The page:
Data and voice plans without contracts have been around for years. In fact I can’t remember the last time I was on any mobile plan that involved a contract. These plans are usually very attractive in terms of rates and conditions because they do not include any subsidy of handsets and do not have time clauses. This is the original BYOD concept.
They are usually dead simple to understand – you buy your own phone and get a SIM from an operator. You put the SIM in the phone and ‘voila’ off you go. You can also select ‘contractless’ plans for both prepaid and postpaid accounts. In markets I frequent in Asia, I can select almost any available plan and choose to go without contract.
You can imagine my surprise when I caught an article on CNet trying to explain T-Mobile’s new ‘contractless’ plans in the US. My surprise turned to sheer bewilderment when I worked out it took almost 3,000 words to explain. That’s enough for five of my blogs and certainly enough for a short story. Who in their right mind would have the time or patience to read through something like that just to get a plan without contract?
In a nutshell, T-Mobile has introduced new plans where customers can get unlimited voice and text messaging service, and on top of that they are able to choose from a variety of data packages. A plan for 500MB of unlimited data costs $50 a month. A plan for 2GB of high-speed data is $60 a month. And users can get a completely unlimited data plan for $70. The only catch is that you have to supply your own phone. That can’t be too difficult, surely?
Wrong. The article goes on to explain why. “Yes, we guess in a sense you could say that there is a catch. T-Mobile is no longer “subsidizing” cell phones for service.” Umm, that’s obvious, isn’t it? But just in case you are under ten years of age, have an IQ of less then 50 or you are brain dead and still don’t understand, CNet is happy to help you out: “Smartphones are expensive. Some of the newer models cost between $600 and $700 at full retail price. Traditionally, wireless subscribers in the U.S. have asked customers to pay a fraction of that cost. Typically, the price is about $200. The carrier pays the rest of the cost of the phone. In exchange for this “deal,” consumers agree to a two-year service contract. And if they leave the service early, they must pay an early termination fee.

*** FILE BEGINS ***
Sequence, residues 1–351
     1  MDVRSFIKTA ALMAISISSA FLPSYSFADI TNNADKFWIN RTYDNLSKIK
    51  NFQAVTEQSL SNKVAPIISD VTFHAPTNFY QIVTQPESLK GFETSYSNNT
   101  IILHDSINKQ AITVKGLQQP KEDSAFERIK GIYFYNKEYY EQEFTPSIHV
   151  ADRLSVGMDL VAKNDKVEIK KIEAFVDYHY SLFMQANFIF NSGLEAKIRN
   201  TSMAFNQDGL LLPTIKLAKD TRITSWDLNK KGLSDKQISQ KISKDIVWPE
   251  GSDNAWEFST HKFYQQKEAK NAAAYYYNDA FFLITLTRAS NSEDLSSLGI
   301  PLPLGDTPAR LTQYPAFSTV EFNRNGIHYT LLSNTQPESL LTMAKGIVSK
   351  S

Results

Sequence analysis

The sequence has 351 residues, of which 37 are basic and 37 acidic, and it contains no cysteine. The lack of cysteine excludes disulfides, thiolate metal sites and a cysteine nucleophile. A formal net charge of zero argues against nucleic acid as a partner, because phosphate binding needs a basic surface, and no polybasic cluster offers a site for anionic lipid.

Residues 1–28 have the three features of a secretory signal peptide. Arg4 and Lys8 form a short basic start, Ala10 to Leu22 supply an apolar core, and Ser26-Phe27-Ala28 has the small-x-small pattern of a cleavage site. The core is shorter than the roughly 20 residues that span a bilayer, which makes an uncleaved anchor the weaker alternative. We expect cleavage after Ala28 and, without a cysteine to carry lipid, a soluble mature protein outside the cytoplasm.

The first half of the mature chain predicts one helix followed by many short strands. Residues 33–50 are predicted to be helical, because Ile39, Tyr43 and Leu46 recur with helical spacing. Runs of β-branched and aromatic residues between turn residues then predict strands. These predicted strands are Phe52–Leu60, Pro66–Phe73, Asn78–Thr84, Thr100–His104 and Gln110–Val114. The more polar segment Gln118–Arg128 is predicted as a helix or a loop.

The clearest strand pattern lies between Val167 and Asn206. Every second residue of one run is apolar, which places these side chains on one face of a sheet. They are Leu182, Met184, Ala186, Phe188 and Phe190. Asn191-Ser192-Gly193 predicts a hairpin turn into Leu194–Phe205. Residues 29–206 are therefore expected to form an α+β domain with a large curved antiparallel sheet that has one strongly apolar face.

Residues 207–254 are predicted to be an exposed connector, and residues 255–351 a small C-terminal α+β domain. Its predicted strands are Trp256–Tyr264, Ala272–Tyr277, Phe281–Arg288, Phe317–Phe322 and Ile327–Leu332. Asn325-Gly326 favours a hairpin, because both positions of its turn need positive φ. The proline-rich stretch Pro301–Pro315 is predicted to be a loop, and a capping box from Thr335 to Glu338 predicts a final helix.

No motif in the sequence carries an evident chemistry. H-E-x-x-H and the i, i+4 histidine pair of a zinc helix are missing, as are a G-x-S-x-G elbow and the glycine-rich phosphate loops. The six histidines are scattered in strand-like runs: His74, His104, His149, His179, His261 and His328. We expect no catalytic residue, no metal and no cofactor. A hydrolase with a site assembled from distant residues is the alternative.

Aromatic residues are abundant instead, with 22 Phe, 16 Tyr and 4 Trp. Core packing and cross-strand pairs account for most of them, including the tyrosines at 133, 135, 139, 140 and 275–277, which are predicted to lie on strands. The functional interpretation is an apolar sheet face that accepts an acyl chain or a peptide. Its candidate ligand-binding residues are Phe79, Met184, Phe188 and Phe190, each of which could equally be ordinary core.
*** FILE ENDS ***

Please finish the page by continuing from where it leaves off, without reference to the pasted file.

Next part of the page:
T-Mobile is getting rid of the contract and the subsidy. This means that customers will have to pay the full price for their phones.”
At this stage I started looking for a razor blade, but it got worse, a lot worse. The next gem of wisdom was titled, “What if I can’t afford the cost of a new phone?” Then don’t go for a ‘contractless’ plan, obviously! But just in case you still want one, T-Mobile is offering a financing plan so you can buy the phone to take advantage the plans that don’t subsidize the phones. Tell me I’m dreaming, please!
Some of the following section titles are even more bewildering, if that is possible.
This kind of sounds a lot like a contract/subsidy plan. What’s the difference?
“The big difference is that after you pay off the phone, your overall monthly bill goes down.”
How do the new service plans work? Aaaarrrrggghhhhhh
Are the new plans unlimited?
“Yes, but there is fine print to consider. For talk and text, at least, “unlimited” really means just that. T-Mobile will not differentiate between weekday, weekend, and night calls. What’s more, all domestic sent and received messages (text, photo, and video) will be included. Data is unlimited as well, but not all of that data will come at the same speed.”
What are the options for buying a phone?
I kid you not, this is explained in detail just in case you have never bought anything in your life or you are a complete moron.
Will I end up paying more for the device if I “finance” it?
What happens after you’ve finished paying off your phone?
And the ‘coup de grace’ – Can I sign up for a plan and bring my own phone?
I am convinced that the joint writers of this fantastic piece have no idea how the mobile phone industry works. If they did, they would be able to explain quite simply that when an operator subsidizes a phone they are actually financing it over the period of the contract and building the financing fees into the monthly charges. If they don’t have to subsidize the phone they can offer better plans, with no contract. Bang, that’s it in 50 words or less.
Oh, I get it now, this was meant for publishing on April 1 and it was posted early by mistake. That explains everything.